Well, breakthrough advertising, which is the book that I was just talking about, it’s been phenomenal. It’s quite it’s quite advanced from a copywriting point of view. But if you were interested in that there’s there are. I’ve got 12 books on my website that you know, if you Google tailless and 12 books, but influenced by Robert Cialdini is an incredibly approachable book published in 1982. That’s about the sixth mental shortcut, like if you can just master the six mental shortcuts that all of your clients take when making a decision, social proof, scarcity, etc. You will be a much more persuasive speaker. Because on the business level, there would be those two and on a personal level quiet the hidden power of introverts if you’re an introverted person I think you might be. Can’t recommend that book highly enough. I know you’re probably looking for business books, but I’d like to give Susan Cain a plug that’s out there founder.


Alastair McDermott  57:25

And actually, I’m gonna ask you about non business. Do you do you read fiction and all this or anything that you live in recommend? Yes.


Steven Lewis  57:31

On the Well, I am reading at the moment, Robert Galbraith latest book, which is JK Rowling’s, you know, detective series. It’s now the seventh book, I just, those are phenomenal books. She’s incredibly talented. And well worth starting at the beginning, not jumping in a book number seven. And if you’re into audiobooks, it’s Robert Glenister, who reads them. And it’s an absolute treat.


Alastair McDermott  58:01

Awesome. And I will link to everything that you mentioned in the show notes for this episode. Steven, can you tell people where they can find you if they’re interested in following up finding more following you on LinkedIn, as well, one place I’d recommend they look for you.


Steven Lewis  58:15

Well, the agency is called tailless, t a l e i s t. So it’s a tale as in telling tales ist. If you go to the website, you’ll be asked to join the mailing list at every possible opportunity because I’m practicing what I preach. But actually, if listeners to this one, something of value, they go to tailless dot agency slash TRA, I’ve got a guide on sort of seven things you know anybody can do to improve the conversion rate on their website without, you know, it’s not a technical thing. It’s not you don’t have to rebuild your website. There are things that I have seen people commonly do wrong on their website that they could easily fix. So that’s tailless dot agency slash TRA, and there’ll be a link in your show notes. I haven’t said that. It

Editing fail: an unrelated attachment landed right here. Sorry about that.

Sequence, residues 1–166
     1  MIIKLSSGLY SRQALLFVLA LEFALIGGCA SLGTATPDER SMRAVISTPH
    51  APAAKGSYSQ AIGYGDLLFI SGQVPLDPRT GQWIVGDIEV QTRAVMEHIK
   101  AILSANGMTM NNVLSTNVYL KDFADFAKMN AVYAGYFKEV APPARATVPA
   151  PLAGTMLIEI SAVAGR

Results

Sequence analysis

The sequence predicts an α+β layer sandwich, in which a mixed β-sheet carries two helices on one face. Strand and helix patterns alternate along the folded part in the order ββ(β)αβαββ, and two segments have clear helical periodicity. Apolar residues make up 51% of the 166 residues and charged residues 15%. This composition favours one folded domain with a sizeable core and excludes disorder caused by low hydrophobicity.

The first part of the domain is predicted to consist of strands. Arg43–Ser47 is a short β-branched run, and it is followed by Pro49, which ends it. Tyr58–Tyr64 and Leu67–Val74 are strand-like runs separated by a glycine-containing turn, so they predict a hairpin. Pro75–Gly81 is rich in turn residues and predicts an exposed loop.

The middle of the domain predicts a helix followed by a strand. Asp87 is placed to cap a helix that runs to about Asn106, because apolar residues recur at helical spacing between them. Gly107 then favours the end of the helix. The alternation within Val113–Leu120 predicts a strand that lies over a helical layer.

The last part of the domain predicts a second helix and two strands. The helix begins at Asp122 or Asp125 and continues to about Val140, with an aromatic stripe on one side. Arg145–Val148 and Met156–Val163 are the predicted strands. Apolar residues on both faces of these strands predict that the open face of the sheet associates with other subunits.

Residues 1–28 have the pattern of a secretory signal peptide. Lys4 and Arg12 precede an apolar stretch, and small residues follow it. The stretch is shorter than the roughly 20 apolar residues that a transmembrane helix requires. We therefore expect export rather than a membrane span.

Alastair McDermott  59:08

will be a link in the show notes. And you know, like, I tell people, I tend to tell people sometimes like you can just say a URL, and we’ll we’ll make it work after after the fact. But you actually have that live already. I’m really impressed.


Steven Lewis  59:22

I’m an old school guy.


Alastair McDermott  59:26

He really is. Yes, Steven, you’ve you’ve been a great guest thank you for coming on swearing so much. It was fun to do another one of these last last time I swear this much was with Louie granny. So yeah, I always enjoy having to put the explicit tag on the the episodes. So thanks for dialing in from Australia. And sorry about you guys in the Rugby World Cup. That’s that’s something I’m gonna be glued to this weekend with a bottle of wine probably.


Steven Lewis  59:55

Well, I get George to give you a call.


Alastair McDermott  1:00:00

It’s so so even thanks thanks very much and if you’ve listened to all the way to the end thank you and see you in the next one thanks guys